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Over the next month, 6 and 1/2 million primary school children across Japan will cast their ballots on which adorable mascot should represent Tokyo for the 2020 Olympics. Investors wondering what Japanese stocks have to offer global funds would do well to note the result.
Last week, when the Nikkei 225 average of Japan's prestige large cap names broke above the 24,000 line for the first time since 1991, it was a top story on the evening news and a source of predictable "Japan is back" heavy breathing. The moment of far greater historic significance - but much less fanfare, though - took place three days earlier, when the Nikkei Jasdaq index, which bristles with robotics, mobile app, biotech, and other buzzy stocks and measures the performance of a board primarily designed for start-ups, broke 4,100 points.
The Nikkei 225 celebration was relative. Even at 24,000, it's still 40% below its 1989 bubble era peak, and even bullish analysts have yet to be convinced that it can go much higher than 25,000 points for now. The Jasdaq, which began life in 1983, has eclipsed its own past to sit at an all-time high. In 2017, the index rose more than 45%, as the Jasdaq market outperformed all other Japanese bourses and outdid did its US counterpart, the Nasdaq.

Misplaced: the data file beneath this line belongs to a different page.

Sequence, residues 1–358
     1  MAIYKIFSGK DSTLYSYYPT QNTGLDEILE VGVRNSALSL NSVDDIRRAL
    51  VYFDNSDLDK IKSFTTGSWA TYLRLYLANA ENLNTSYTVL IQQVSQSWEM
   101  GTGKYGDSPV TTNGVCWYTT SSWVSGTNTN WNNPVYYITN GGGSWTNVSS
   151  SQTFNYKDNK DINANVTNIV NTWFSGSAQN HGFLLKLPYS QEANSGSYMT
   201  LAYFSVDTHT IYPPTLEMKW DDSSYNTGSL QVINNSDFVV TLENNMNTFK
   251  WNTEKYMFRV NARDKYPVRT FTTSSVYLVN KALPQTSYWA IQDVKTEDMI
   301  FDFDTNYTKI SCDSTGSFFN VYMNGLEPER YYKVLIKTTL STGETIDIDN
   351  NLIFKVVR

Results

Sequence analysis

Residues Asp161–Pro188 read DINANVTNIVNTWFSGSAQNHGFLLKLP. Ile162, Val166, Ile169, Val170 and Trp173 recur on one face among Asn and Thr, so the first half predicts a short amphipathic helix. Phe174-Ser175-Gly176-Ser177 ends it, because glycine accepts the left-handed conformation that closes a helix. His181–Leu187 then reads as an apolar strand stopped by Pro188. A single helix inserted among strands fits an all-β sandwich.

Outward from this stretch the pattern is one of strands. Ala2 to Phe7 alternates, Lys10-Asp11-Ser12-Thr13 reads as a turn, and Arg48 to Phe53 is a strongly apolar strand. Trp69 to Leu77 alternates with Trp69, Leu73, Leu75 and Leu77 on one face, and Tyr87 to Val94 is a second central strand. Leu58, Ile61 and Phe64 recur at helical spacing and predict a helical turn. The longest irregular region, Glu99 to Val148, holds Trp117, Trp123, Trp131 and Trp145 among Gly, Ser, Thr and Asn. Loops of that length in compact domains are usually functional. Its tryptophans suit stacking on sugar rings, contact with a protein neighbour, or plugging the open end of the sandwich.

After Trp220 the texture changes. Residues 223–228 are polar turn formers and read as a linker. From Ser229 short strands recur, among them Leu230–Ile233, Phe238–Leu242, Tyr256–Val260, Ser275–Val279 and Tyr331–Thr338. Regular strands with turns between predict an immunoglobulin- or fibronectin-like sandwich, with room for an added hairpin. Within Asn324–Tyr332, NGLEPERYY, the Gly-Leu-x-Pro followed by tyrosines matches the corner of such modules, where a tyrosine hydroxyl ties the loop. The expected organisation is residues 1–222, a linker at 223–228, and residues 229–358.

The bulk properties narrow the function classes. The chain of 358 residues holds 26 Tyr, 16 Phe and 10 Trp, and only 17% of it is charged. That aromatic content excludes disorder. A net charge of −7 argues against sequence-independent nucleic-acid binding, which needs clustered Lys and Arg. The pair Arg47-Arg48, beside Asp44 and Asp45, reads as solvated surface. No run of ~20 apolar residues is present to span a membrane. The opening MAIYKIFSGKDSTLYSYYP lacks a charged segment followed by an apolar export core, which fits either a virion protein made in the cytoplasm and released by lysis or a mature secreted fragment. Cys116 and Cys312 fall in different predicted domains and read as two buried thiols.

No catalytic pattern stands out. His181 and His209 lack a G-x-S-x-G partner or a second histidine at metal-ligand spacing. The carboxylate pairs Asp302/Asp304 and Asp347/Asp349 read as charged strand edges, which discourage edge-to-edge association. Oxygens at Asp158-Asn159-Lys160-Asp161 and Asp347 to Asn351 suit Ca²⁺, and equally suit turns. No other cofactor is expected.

Explanations for this, along with perceptions of how long this magic spell can be maintained, tend to focus on the yen. Small and mid-cap Japanese stocks have begun 2018 doing what they did for much of last year, outperforming their bigger peers whenever the yen has climbed against the US dollar because the smaller cap names tend to have a more domestic focus. If the yen begins to slide, say the strategists, expect the Jasdaq's run to fade.
But that argument misses the more fundamental excitement around Japan's start-ups and what they represent - an economy, which after many years of making things fairly difficult for little innovators, is finding a way to express faith in them. The Olympic mascot vote may not be the finest example of it, but Japan over the past seven years has asserted its position not just as a world class producer of intellectual property, but as a skilled exporter of it since 2010. Around the time that the IP-rich Jasdaq began its great bull run, Japan has more or less doubled its annual overseas sales of intellectual property to more than 4 and 1/2 trillion yen in 2017. That, more than the currency, is what should keep the Jasdaq train in motion.